On Tuesday (7/5) the jetstream charts indicated that a the strong ridge that was in control of the Central South Pacific was moderating and the southern branch was merging with the northern branch, providing a elongated corridor of favorable conditions extending from southeast of New Zealand slowly northeast to a point just off Central Chile with support from the strong winds in the northern branch adding energy to the trough on the very eastern edge of the US swell window. This was consistent with what the models have been projecting for several days now. A moderate ridge in the southern branch was under New Zealand reaching tot he Ross Ice shelf and a similar ridge was south of Chile, so the mid-Pacific was the only hope (animation here). Over the next 72 hours the trough in the jet is to hold on in some fashion through Friday (7/8), but not a clean as is present today. No strong ridges are to be present, but neither are any strong troughs, so the glass is somewhere between half full and half empty.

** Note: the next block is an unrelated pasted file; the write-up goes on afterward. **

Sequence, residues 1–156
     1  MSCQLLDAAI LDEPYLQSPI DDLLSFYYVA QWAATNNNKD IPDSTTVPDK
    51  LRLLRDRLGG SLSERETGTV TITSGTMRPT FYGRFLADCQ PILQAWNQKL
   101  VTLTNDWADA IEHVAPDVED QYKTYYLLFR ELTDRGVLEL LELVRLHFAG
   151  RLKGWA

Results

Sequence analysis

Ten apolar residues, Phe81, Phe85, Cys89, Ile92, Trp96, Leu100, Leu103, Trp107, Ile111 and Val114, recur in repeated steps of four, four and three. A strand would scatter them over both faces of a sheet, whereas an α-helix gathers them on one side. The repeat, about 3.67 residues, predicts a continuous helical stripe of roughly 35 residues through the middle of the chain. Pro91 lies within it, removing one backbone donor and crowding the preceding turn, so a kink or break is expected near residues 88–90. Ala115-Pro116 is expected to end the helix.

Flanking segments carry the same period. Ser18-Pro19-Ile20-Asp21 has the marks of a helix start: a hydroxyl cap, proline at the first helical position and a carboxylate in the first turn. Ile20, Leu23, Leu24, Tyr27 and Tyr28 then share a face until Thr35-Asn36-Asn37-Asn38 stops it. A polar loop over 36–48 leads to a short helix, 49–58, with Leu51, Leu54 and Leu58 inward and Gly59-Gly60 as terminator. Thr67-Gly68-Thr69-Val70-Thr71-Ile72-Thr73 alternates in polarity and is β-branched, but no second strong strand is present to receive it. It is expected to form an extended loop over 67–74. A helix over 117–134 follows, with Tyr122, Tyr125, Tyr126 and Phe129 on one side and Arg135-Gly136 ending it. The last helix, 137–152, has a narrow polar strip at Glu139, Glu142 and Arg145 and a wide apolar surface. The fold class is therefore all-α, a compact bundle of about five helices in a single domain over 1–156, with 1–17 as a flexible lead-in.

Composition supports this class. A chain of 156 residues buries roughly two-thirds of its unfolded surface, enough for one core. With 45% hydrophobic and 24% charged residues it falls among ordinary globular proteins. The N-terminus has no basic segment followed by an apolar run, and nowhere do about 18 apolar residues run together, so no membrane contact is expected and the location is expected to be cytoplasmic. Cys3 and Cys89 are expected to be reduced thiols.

At the surface today a small high pressure center at 1032 mbs was just east of New Zealand. Two low pressure systems of interest were present, one off Chile and outside the US swell window and a better organized one southeast of New Zealand. This one is to be our best shot for swell production for the immediate future (animation here). Starting Tuesday (7/5) pressure dropped to 972 mbs while high pressure holds at 1032 mbs just east of New Zealand, setting a a gradient between the two aimed northeast. Winds were confirmed at 40 to near 50 kts over a broad area centered near 57S 162W aimed northwest generally up the 203 degree path to California and 30 degrees east of the 185 degree path to Hawaii. Seas forecast to build to 30 ft over a small area centered at 53S 160W on Tuesday PM. This pattern is to hold through Wednesday AM (7/6) with a tiny core of winds evolving to near 50 kts. At that time the fetch is to be centered at 52S 145W aimed 25 degrees east of the 195 degree path to California and 70 degree off any track to Hawaii and outside their swell window. Seas forecast at 33 ft centered at 50S 150W. The storm/gale is to continue tracking northeast while loosing definition, with winds down to 40 kts late Wednesday (7/6) positioned 1500 nmiles south of Tahiti. Seas dropping to 32 ft centered at 48S 143W. A broad but unorganized fetch of 35-40 kt west winds are to continue through Friday (7/8) south of Tahiti but aimed mostly at Peru. Seas forecast at 32 ft Thursday AM at 45S 140W dropping to 30 ft that evening at 42S 130W. This is to fade through Saturday (7/9) with perhaps a brief spurt of continued 30 ft seas then near 43S 130W. Current modeled data suggest decent utility class swell generation potential for California from this system with lesser energy moving north over a short window towards Hawaii from early in the storms life. Will monitor.